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Celebrating World Wetlands Day (WWD) 2020

As you may be aware, the 2nd of February each year the World celebrates the World Wetlands Day (WWD) as a day set aside to raise global awareness about the vital role of wetlands for people and our planet. This year the theme for WWD is “Wetlands and Biodiversity” and the National slogan was “Life thrives in Wetlands-protect them. As part of the celebrations to mark the day, Nature Uganda organized a Public talk under the topic “Fisheries of Uganda, opportunities and challenges”. We were privileged to host Dr. Rukuunya Edward from the Ministry of Agriculture Animal Industry and Fisheries who gave a presentation about the topic. The public talk was scheduled for Thursday 6th February 2020 at the Uganda Museum.

The fisheries subsector is categorized into capture fisheries and aquaculture (fish farming) Capture fisheries involves catching fish from the natural water bodies using various fishing gears and methods. The capture fisheries industry is dominated by both large and small fish species of high value in local, regional and international markets. Fish is a strategically important commodity of nutritional and high economic value to the fisher folk, smallholder fish farmers and other households in the country.

There are a number of opportunities in the subsector with almost 20% of the Uganda’s surface area i.e. Lakes Victoria, Kyoga, Albert/Albert Nile and George/Edward and over 160 minor water bodies on top of swamps, wetlands, rivers and floodplains. The existence of many wetlands is also a blessing because these wetlands harbor a diversity of fish species some of which are deemed extinct or endangered in the major lakes a case example of Kyoga minor lakes and wetlands. This leaves without saying that such must be protected.

The fisheries sector has an opportunity to support over 1.3m people mostly youth in fishing and artisanal women processors and accounts for an estimated 50% of the total dietary protein intake. Wetlands and other water resources supports many farmed fish species i.e. Nile Tilapia, African catfish and the common carp where women and youth can be engaged in production to earn a livelihood. With the possible domestication of high value species such as the Nile perch and Labeo (Ningu), the number of domesticated fish species is on increase to the opportunity of farmers.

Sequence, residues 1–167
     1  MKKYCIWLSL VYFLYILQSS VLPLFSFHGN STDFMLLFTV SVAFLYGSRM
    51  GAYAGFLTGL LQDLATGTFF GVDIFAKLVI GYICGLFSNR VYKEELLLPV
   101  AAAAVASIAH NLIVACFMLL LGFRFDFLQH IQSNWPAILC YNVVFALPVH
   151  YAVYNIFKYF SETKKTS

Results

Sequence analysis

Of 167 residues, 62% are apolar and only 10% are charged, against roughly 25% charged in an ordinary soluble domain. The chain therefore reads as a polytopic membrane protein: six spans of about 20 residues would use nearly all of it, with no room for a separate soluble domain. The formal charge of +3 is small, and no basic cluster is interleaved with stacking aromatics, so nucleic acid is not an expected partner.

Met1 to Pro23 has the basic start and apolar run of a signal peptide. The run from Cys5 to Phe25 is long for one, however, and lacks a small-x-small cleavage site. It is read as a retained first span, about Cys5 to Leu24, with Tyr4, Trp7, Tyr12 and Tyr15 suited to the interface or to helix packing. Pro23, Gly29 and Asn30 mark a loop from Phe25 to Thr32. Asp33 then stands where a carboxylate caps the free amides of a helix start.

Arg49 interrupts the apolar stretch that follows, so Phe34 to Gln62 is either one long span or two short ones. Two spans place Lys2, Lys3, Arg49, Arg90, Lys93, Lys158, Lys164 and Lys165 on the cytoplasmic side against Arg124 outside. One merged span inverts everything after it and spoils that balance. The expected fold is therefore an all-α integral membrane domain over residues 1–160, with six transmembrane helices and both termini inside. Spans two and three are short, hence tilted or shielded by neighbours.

There is increased demand for fish of high economic value like Nile perch and Tilapia species for national, regional and international markets. The community is encouraged to protect wetlands and fish responsibly. Destruction of wetlands and catching of immature fish leads to decline in fish stocks and hence reduced fish catches, and incomes by fishermen and boat owners, reduced food for families, reduced taxes to government and hence reduced services to the community.

The byproduct value chain is gaining international market i.e. the Nile perch fish maw (swim bladder) and on the local market for fish bones (Mugongowazi), a common delicacy for the least privileged communities and rich in some nutrients. Nile perch fats are being promoted because of their richness in Omega 3 oils that are beneficial to brain and this is an opportunity to exploit.

The recovering fish stocks in our water bodies and increased fish exports is in line with industrialization for wealth creation and good for national economy, employment and livelihood. The continued aquaculture growth observed at 6% is a blessing to farmers and this growth has come up from wetlands (20,000 fishponds) and from 3,000 cages made of 13,000 fish farmers.

There are however still challenges to fisheries resource sustainability and these include: Pressure on the fish habitats both major lakes, minor and wetlands; outdated laws to support sustainability; reduced co-management support at grassroots level and invasion by weeds.

In conclusion, collaboration of all players (private and public) is required if we are to achieve sustainable wetland and fisheries management for the benefit of all Ugandans and the international community. Wetlands are critical for sustaining fisheries production and must be protected. The NEMA laws should be observed to enhance fisheries benefits to communities.

Below is the presenation of the day:

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